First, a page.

DFL’s St. Paul mayoral candidate defends nonprofit agency work

by Tom Ford

Jay Benanav, the DFL-endorsed candidate for St. Paul mayor, says the city needs more affordable housing, safer neighborhoods and increased recreational and educational opportunities for kids.

His primary qualification, Benanav said, is his 13-year success as CEO of a controversial state-mandated, privately run, nonprofit reinsurance agency called the Worker’s Compensation Reinsurance Association.

All Minnesota employers and insurers are required to buy WCRA reinsurance, which protects companies in the event of an influx of work-related injuries and unaffordable compensation claims.

Benanav, a City Council member representing St. Paul’s 4th Ward, which includes part of the St. Paul campus, said he eliminated a $45 million deficit and earned the agency a $1.5 billion surplus as CEO.

“It’s that kind of skill and executive decision-making and attention to the bottom line that ultimately is what the mayor’s job is about,” Benanav said.

In the past eight years, while paying all its claims, Benanav said the WCRA has refunded its customers more than the money collected on its premiums, including $402 million in 1994.

The WCRA will be sending checks – about 100,000 in all – to every Minnesota employer during the next two to three months, said Benanav.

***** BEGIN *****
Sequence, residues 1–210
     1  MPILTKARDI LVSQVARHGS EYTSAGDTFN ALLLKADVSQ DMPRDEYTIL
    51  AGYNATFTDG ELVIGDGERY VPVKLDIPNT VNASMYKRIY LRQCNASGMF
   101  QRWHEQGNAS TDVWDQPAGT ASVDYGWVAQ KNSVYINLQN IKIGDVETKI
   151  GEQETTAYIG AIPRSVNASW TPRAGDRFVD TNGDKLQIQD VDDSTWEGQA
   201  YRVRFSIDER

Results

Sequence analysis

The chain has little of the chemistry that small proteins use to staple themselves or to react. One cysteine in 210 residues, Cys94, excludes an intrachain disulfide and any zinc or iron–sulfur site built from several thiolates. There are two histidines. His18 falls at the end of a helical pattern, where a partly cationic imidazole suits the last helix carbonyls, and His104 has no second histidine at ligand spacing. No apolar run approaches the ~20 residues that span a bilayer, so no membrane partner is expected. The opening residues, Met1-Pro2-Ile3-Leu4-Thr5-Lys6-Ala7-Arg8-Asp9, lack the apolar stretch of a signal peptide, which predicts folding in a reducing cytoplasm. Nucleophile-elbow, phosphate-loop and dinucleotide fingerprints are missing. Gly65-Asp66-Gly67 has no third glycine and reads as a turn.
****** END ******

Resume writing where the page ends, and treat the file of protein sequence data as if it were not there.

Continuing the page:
“Whatever money we make goes back and more,” Benanav said.

Despite the success, the WCRA has been criticized because it is privately run and its employees aren’t state workers. That means the agency isn’t required to publicly disclose its finances.

Since 1998, Sen. Cal Larson, R-Fergus Falls, has attempted but failed to pass legislation eliminating the WCRA’s private status and to make its annual salaries and operating expenses public.

Rep. Phil Krinkie, R-Shoreview, chairman of the House State Government Finance Committee, said if the WCRA would disclose its finances, the Legislature would have the opportunity to determine if the WCRA’s monopoly is necessary or appropriate.

Krinkie said Benanav and the WCRA could dismiss the scrutiny and eliminate doubts if it would disclose its expenses.

Krinkie said the WCRA’s private status is “really a technicality” and that being open with the public shouldn’t be a problem if the agency has been successful and fair.

Benanav has disclosed his salary – $180,000 a year – but said since the WCRA is not a state agency, “It’s not appropriate for us to divulge everyone’s salary.”

Benanav uses the agency’s
success to defend the WCRA’s monopoly status.

“The issue is, ‘Have we been successful?’ Yes,” he said. “The bottom line is we’ve succeeded.”

Benanav said his record as a City Council member proves he is committed to his campaign issues.

In March 1999, he helped put together a housing resolution requiring all city-financed projects to make 20 percent of their units affordable.

Benanav said he added $1.4 million to the St. Paul police budget early this year without increasing taxes, allowing the force to be fully staffed for the first time since he’s been a council member.

Benanav said he composed a successful project in 2000 between the city and Ramsey County providing $1 million for St. Paul youth soccer facilities.

As mayor, Benanav said he’d continue his efforts investing in people, neighborhoods and small businesses.

“It’s not just a slogan that a city is as great as its people,” he said.


Tom Ford covers the St. Paul campus and welcomes comments at [email protected]